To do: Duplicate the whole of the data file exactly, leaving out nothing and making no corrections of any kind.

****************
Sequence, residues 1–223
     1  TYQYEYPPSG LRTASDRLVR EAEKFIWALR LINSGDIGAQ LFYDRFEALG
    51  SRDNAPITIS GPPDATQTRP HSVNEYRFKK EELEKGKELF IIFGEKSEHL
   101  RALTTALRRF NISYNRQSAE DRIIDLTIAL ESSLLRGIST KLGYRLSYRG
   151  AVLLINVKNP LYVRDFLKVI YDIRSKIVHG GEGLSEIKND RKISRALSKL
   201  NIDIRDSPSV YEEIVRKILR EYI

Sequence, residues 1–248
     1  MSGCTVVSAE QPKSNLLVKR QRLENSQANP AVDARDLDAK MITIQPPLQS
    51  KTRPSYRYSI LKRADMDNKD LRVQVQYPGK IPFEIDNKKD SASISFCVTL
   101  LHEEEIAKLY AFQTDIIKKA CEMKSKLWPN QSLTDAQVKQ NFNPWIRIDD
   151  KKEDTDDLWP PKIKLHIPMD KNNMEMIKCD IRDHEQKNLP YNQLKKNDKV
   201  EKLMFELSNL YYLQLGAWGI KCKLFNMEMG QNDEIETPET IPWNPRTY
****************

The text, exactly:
Sequence, residues 1–223
     1  TYQYEYPPSG LRTASDRLVR EAEKFIWALR LINSGDIGAQ LFYDRFEALG
    51  SRDNAPITIS GPPDATQTRP HSVNEYRFKK EELEKGKELF IIFGEKSEHL
   101  RALTTALRRF NISYNRQSAE DRIIDLTIAL ESSLLRGIST KLGYRLSYRG
   151  AVLLINVKNP LYVRDFLKVI YDIRSKIVHG GEGLSEIKND RKISRALSKL
   201  NIDIRDSPSV YEEIVRKILR EYI

Sequence, residues 1–248
     1  MSGCTVVSAE QPKSNLLVKR QRLENSQANP AVDARDLDAK MITIQPPLQS
    51  KTRPSYRYSI LKRADMDNKD LRVQVQYPGK IPFEIDNKKD SASISFCVTL
   101  LHEEEIAKLY AFQTDIIKKA CEMKSKLWPN QSLTDAQVKQ NFNPWIRIDD
   151  KKEDTDDLWP PKIKLHIPMD KNNMEMIKCD IRDHEQKNLP YNQLKKNDKV
   201  EKLMFELSNL YYLQLGAWGI KCKLFNMEMG QNDEIETPET IPWNPRTY